I'm a Suzuki violin teacher and Suzuki mom. Practicing is part of my daily life with myself, my students, and most of all my children. Practicing every day with young children is hard, but your children will love practicing if you help make it fun!
I started this business making bead counters in 2009 because it was something I wanted my children to use during practicing. They loved it! So did my students! I offered the bead counters to my teacher friends and it was a huge success. I make each bead counter unique and wonder which child will love practicing because of it.
I am excited to teach this week with my new finger tapes (aka Car Pinstripes), review piece dice, kiddie chopstick and removable highliter tape - where has this been all my life?
Disclaimer: I recently contacted the owner of this store to ask if she could share a Music for Young Violinists coupon with her patrons to help spread the good news about my project but I am in no way affiliated with the Practice Shoppe and this is a sincere endorsement for someone who I think is doing good work and deserves to have her shop promoted.
Hello M4YV Peeps,
It is my week off for Spring Break and has been an absolute constant rainstorm here in Oregon. This means I have time off & time inside to have too much fun with my MacBook photobooth feature and I have gone nuts restocking the FREEBIES page.
Head on over to the FREEBIES page & enjoy some awesome new downloads to help you bring out the best in your teaching. I rotate my FREEBIES on a regular basis so many of these resources will not be up for long.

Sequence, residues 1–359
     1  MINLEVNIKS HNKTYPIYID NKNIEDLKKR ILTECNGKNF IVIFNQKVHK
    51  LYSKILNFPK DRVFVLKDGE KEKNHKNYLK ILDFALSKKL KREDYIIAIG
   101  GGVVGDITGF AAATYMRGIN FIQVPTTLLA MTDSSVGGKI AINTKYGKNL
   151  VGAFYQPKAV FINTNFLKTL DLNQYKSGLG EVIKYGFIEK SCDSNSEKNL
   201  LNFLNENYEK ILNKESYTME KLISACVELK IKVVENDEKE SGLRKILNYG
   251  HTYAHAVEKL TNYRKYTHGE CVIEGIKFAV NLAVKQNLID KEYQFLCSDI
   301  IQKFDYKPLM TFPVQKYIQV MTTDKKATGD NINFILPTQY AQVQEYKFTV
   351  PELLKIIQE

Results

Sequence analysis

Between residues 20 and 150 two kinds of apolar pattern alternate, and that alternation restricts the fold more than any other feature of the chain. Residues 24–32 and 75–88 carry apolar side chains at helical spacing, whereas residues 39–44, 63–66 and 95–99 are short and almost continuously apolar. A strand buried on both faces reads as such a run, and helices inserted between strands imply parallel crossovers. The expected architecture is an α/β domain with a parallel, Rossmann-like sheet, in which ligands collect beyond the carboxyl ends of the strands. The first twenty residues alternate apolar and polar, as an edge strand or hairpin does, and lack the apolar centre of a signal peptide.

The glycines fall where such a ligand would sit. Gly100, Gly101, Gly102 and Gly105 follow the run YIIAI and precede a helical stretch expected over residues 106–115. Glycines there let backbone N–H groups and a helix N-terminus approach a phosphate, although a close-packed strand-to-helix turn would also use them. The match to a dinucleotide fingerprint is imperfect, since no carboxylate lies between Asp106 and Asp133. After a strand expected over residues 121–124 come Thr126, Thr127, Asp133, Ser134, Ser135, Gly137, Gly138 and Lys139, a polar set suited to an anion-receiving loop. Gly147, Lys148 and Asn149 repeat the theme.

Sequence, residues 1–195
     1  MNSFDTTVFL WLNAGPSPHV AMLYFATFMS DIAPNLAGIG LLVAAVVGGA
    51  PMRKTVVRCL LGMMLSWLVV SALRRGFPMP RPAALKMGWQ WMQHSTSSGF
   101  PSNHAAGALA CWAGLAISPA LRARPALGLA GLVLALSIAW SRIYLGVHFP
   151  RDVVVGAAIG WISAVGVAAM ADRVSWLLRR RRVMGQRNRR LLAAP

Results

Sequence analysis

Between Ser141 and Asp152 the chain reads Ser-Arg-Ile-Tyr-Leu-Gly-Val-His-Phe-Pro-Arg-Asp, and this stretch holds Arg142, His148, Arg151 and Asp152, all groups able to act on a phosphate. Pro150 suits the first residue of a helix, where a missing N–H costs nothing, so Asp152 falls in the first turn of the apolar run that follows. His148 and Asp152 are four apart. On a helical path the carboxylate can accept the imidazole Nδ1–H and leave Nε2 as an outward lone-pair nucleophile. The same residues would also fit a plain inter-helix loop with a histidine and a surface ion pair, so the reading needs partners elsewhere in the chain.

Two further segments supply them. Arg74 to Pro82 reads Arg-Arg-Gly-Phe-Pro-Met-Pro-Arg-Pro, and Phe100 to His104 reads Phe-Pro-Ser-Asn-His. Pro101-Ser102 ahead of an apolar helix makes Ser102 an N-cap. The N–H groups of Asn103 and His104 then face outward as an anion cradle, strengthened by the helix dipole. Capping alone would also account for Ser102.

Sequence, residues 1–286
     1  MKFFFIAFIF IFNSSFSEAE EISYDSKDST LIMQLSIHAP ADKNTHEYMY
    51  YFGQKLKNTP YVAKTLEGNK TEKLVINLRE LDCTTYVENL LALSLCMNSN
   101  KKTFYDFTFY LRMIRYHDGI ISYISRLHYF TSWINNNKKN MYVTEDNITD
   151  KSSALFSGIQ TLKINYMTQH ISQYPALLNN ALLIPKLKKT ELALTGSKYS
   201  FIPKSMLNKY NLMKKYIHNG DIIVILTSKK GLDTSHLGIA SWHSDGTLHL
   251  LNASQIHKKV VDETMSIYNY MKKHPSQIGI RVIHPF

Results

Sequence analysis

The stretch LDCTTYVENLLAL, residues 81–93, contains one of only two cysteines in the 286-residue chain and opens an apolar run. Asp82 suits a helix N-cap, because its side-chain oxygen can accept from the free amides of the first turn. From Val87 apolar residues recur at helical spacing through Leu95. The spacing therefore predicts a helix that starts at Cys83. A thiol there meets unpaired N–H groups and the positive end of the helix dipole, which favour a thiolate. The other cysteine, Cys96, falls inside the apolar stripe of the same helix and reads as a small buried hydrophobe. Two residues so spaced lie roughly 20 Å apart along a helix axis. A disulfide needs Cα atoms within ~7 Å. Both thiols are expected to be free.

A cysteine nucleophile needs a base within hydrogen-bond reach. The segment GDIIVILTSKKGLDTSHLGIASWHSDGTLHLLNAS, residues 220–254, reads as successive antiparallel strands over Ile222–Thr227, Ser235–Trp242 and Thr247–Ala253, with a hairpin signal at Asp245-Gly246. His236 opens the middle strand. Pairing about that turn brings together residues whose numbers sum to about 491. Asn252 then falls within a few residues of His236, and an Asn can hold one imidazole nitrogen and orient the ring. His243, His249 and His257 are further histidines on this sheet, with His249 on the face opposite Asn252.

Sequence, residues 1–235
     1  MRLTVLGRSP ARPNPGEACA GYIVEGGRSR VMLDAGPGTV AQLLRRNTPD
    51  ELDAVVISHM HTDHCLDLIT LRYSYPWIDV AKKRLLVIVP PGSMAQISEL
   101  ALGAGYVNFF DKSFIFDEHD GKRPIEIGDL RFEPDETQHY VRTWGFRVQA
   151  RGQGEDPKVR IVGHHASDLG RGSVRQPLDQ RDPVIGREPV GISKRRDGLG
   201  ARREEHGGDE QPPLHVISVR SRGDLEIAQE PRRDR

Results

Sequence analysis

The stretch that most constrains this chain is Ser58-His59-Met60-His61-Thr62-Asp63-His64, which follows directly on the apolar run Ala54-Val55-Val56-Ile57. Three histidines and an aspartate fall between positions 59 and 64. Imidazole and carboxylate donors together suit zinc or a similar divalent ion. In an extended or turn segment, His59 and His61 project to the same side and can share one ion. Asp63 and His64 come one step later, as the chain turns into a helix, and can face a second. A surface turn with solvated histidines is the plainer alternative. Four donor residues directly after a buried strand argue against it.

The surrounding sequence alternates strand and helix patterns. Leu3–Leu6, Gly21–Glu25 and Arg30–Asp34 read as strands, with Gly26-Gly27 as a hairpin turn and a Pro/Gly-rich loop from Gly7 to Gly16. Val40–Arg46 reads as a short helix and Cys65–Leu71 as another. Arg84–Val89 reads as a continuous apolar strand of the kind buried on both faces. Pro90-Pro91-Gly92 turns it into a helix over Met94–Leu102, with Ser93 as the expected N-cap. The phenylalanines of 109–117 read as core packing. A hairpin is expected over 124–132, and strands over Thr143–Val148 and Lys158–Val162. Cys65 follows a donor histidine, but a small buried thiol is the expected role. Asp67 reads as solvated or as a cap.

Happy music making!
Please note this resource is now available as a part of The Violin Teacher's Toolkit.
Learn more HERE or click on the image below.
The THIRD POSITION STUDY SHEET is part of the free Winter 2016 music packet available only from Music for Young Violinists. This worksheet has been such an empowering resource for my students who are just beginning third position and they often progress thru these short studies much faster than we expect. Although I could assign each of these passages by ear, I find that it creates more clarity and organization to have the expected assignment clearly notated on a piece of paper. I designed this worksheet to combine multiple learning channels into one experience:
EARS - Using review pieces to learn third position serves as guard rails to keep a student on track. They already know what the tune should sound like so there is clarity from the start.
EYES - I remember when I first started reading on the G string and high on the E string how difficult it was to discern with all the additional staff lines. If a student and teacher prefer, this worksheet allows for writing in fingerings and half/whole step markings. Eventually the consistency of playing in the same range will help your young musician develop fluency for playing in this new higher range.
HANDS - I kept all of the studies in the same range on the E string to give students enough repetition of the new skill set to truly grow confident in this new skill. If a student only practices third position in a single piece they will likely struggle for a while due to not receiving enough support to master this new and fun skill.
How do you help your students with third position? Please share in the comments below.
Hi! It's me, Heather. I absolutely love working on the Music for Young Violinists project and all the many facets: blogging, website, music, teaching materials, freebies, videos, newsletter and giveaway contests. The best part is connecting with you so feel free to drop me a line. You can learn more about me on the "ABOUT" page. Thanks!